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As the virtual reality industry continues to grow, there are inevitable growing pains. Everyone wants a piece of the pie and credit for what they created. Today Mark Zuckerberg is expected to testify before a jury over claims that the Oculus Rift was built on stolen technology. Zuckerberg and Facebook purchased Oculus back in 2014 in a deal valued at $2 billion. Unsurprisingly the plaintiff, ZeniMax Media, is seeking the same $2 billion in damages.
The case centers on Oculus CTO John Carmack, who before joining Oculus ran video gaming company id Software, a subsidiary of ZeniMax. id is well known for creating hit game series Doom and Quake.
ZeniMax has accused Facebook of "one of the biggest technology heists ever" in hiring Carmack since his addition to the Oculus team brought along trade secrets. They are also accusing Facebook of illegally trying to cover up any wrongdoing by destroying evidence.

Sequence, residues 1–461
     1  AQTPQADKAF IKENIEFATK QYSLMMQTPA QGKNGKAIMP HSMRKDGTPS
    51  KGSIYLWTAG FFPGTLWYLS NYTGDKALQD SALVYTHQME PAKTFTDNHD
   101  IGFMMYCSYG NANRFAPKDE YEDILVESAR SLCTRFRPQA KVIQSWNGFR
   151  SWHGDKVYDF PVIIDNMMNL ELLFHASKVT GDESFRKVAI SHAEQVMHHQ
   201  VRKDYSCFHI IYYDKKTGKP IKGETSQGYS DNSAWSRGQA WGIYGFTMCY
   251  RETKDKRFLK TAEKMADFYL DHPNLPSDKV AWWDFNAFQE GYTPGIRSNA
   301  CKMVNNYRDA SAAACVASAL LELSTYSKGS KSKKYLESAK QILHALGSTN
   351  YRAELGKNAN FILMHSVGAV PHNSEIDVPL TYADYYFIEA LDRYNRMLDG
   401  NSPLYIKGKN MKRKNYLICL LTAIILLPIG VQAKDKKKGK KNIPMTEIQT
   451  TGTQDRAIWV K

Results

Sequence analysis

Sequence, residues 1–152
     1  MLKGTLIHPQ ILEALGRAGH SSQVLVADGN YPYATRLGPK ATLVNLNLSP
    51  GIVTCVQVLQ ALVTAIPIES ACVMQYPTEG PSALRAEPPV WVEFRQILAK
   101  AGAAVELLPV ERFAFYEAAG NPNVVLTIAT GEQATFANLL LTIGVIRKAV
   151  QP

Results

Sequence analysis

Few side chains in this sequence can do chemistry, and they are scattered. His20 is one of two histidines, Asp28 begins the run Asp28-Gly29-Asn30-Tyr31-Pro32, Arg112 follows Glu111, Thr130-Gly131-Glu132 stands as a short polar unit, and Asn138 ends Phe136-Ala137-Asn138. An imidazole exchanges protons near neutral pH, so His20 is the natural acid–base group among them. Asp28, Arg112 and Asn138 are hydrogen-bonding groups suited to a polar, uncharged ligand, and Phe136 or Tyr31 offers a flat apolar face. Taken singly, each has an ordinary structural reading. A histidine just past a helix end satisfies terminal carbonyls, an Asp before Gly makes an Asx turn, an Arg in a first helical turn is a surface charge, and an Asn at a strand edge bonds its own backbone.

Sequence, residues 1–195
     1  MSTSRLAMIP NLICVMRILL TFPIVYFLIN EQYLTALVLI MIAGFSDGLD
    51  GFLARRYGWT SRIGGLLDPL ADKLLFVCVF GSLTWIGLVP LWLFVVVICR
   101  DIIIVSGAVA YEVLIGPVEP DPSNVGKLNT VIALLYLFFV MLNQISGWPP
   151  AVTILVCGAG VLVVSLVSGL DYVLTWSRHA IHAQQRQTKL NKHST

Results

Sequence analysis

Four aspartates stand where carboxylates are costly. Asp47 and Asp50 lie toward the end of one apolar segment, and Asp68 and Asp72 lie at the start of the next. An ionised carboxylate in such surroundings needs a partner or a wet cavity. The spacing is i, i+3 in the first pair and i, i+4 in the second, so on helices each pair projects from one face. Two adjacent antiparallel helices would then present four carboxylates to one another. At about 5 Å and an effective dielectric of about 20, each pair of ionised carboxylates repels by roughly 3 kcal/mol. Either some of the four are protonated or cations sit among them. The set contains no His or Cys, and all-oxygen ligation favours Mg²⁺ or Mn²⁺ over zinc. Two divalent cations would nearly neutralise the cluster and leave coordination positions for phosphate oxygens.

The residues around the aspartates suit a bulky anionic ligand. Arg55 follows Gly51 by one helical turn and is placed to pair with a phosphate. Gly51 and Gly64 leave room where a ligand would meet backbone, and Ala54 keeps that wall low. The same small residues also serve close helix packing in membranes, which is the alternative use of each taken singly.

Back in 2012, Carmack developed a VR demo for Doom 3, but needed VR hardware to run it on. ZeniMax and Oculus initially agreed to share code in exchange for ZeniMax getting an ownership stake, but negotiations soon fell apart and Carmack was told to stop all work on VR.
He didn't like this order, so he left ZeniMax to join Oculus. He's since testified that he copied thousands of emails to a personal hard drive before he left, but that he didn't use these trade secrets directly for Oculus. ZeniMax claims Oculus knew of this stolen code when it hired Carmack, so therefore Facebook is now liable for the damages.
Facebook says the litigation is wasteful and is just a way for ZeniMax to try to take profits away since it passed on investing in Oculus. The 3-week trial is just underway with other Oculus and Facebook employees remaining to testify as to what was known at the time and how Facebook came to acquire Oculus.